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Backpacking Rimini


Backpacking on the Adriatic Riviera

Situated on the Adriatic Riviera in the east of Italy, the lively town of Rimini is renowned for its beaches and nightlife. Although it can be quiet during the cold months, when summer arrives this resort buzzes with all the charm and crowds of the European seaside.

A favourite spot with Italian holidaymakers, Rimini is a bit off the typical backpacking trail in Europe and so, away from the more touristy destinations, offers a very different view of the country and its culture.

Hostels in Rimini

In addition to the hundreds of hotels, there are a handful of great hostels in Rimini catering to backpackers and budget travellers exploring the Adriatic coast. The hostels reflect the resort’s party atmosphere and lively vibe, with many offering bars, discos and happy hours on the premises.

The only problem can be finding accommodation during the high season – the popularity of Rimini means backpackers are advised to book their beds in advance!

The Beaches

Rimini is lined with 15 kilometres of stunning beach stretching out along Italy’s eastern coastline. Known as La Marina, the long stretch of sand is busy throughout both day and night, and after dark, the crowds of sunbathers hit the bars lining the seafront.

The beach also has a fashionable restaurant scene with some top al fresco spots for people-watching. Many of these eateries aren’t exactly cheap, however, although there are also a number of cheap pizza bars along the seafront which make a great budget alternative.

The Old Town

Whilst the crowds flock to Rimini for the beautiful coastline, there is actually more to the resort than the beach. The picturesque Old Town of stone buildings, ramparts and wide piazzas has a history dating back to the Roman Empire.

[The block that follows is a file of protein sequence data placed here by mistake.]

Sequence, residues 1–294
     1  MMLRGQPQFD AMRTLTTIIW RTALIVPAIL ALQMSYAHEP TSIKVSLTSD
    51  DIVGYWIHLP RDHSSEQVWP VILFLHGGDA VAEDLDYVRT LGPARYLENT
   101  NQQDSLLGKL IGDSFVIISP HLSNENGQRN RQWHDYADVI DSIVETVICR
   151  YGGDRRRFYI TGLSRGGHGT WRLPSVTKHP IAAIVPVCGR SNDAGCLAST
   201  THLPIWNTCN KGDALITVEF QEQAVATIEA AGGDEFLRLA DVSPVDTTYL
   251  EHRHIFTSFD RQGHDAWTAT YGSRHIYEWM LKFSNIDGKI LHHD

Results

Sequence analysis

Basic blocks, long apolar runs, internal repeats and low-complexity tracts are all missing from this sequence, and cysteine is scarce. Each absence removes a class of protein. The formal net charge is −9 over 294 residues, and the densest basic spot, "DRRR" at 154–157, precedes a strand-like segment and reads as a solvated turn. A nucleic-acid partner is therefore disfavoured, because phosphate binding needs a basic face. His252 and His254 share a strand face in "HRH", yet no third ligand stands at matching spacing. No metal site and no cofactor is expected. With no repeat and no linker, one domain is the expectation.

Numerous significant Roman monuments still stand in the Old Town, including the Augustus Arch and the ruins of an amphitheatre just off Via Roma.

The Piazza Carvour is also an intriguing attraction with its impressive historic architecture, 16th century fountain and old fish market. The latter sells more than just produce, and is well worth exploring for a few bargains.

Rimini’s most famous sight, however, is the recently restored Tempio Malatestiano. Along with the beautiful frescoes and artwork decorating the inside, the cathedral is notable for its slightly odd history which features scandals with mistresses, incest and looting!

Umbria Jazz

Rimini has a reputation throughout Italy as one of the nation’s top places to party. Considering it’s in competition with such vibrant cities as Rome and Milan, this gives some indication of just how lively the resort can be!

The majority of venues are located to the south of the centre and concentrated along the seafront, where lively cafés and bars are packed shoulder to shoulder. Even though there are plenty of teeming bars with DJs and lots of dancing, there are few actual clubs in this part of the town.

As in much of Italy, the big dance clubs are outside the town centre. Rimini, however, boasts a nightly (10.30pm-6am) bus service out to these areas (called the Blue Line) which means that all the great nightlife is accessible, even for travellers without a car. The bus starts at Piazzale Kennedy and runs from Bellariva to Cattolica or out to Covignano, with nightly passes costing just a few Euros.

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